• To allow you to personalize the Mondaq websites you are visiting to show content ("Content") relevant to your interests.
  • To enable features such as password reminder, news alerts, email a colleague, and linking from Mondaq (and its affiliate sites) to your website.
  • To produce demographic feedback for our content providers ("Contributors") who contribute Content for free for your use.

Mondaq hopes that our registered users will support us in maintaining our free to view business model by consenting to our use of your personal data as described below.

Mondaq has a "free to view" business model. Our services are paid for by Contributors in exchange for Mondaq providing them with access to information about who accesses their content. Once personal data is transferred to our Contributors they become a data controller of this personal data. They use it to measure the response that their articles are receiving, as a form of market research. They may also use it to provide Mondaq users with information about their products and services.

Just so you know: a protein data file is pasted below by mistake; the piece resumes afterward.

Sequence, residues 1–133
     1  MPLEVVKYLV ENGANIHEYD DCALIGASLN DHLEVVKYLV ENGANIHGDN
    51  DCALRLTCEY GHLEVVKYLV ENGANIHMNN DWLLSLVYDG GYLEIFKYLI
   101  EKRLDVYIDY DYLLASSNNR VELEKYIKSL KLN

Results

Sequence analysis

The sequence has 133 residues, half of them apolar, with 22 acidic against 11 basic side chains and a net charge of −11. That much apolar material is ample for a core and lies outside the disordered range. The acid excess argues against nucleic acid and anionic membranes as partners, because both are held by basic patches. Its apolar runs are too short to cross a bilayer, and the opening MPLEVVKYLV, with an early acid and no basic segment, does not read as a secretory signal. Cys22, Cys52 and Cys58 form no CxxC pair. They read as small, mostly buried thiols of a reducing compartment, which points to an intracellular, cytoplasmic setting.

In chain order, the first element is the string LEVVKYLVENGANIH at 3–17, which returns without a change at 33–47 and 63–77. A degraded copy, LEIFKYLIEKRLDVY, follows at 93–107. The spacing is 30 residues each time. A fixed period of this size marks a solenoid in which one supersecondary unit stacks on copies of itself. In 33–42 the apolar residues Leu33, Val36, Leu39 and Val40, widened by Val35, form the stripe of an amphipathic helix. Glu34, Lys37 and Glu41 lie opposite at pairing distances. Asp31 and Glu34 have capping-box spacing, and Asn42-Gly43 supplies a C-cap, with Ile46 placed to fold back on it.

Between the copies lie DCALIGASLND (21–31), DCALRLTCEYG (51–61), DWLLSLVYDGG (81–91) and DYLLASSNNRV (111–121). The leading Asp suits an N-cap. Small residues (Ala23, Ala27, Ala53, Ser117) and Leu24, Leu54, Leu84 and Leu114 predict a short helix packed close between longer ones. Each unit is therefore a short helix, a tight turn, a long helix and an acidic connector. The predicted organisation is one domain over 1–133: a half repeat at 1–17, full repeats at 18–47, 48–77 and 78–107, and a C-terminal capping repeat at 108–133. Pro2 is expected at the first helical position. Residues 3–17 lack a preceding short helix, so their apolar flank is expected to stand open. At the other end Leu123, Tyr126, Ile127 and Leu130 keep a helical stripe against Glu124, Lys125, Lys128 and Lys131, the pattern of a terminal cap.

Details of each Contributor to which your personal data will be transferred is clearly stated within the Content that you access. For full details of how this Contributor will use your personal data, you should review the Contributor’s own Privacy Notice.

Please indicate your preference below:

Yes, I am happy to support Mondaq in maintaining its free to view business model by agreeing to allow Mondaq to share my personal data with Contributors whose Content I access
No, I do not want Mondaq to share my personal data with Contributors

Also please let us know whether you are happy to receive communications promoting products and services offered by Mondaq:

Yes, I am happy to received promotional communications from Mondaq
No, please do not send me promotional communications from Mondaq
Terms & Conditions

Mondaq.com (the Website) is owned and managed by Mondaq Ltd (Mondaq). Mondaq grants you a non-exclusive, revocable licence to access the Website and associated services, such as the Mondaq News Alerts (Services), subject to and in consideration of your compliance with the following terms and conditions of use (Terms). Your use of the Website and/or Services constitutes your agreement to the Terms. Mondaq may terminate your use of the Website and Services if you are in breach of these Terms or if Mondaq decides to terminate the licence granted hereunder for any reason whatsoever.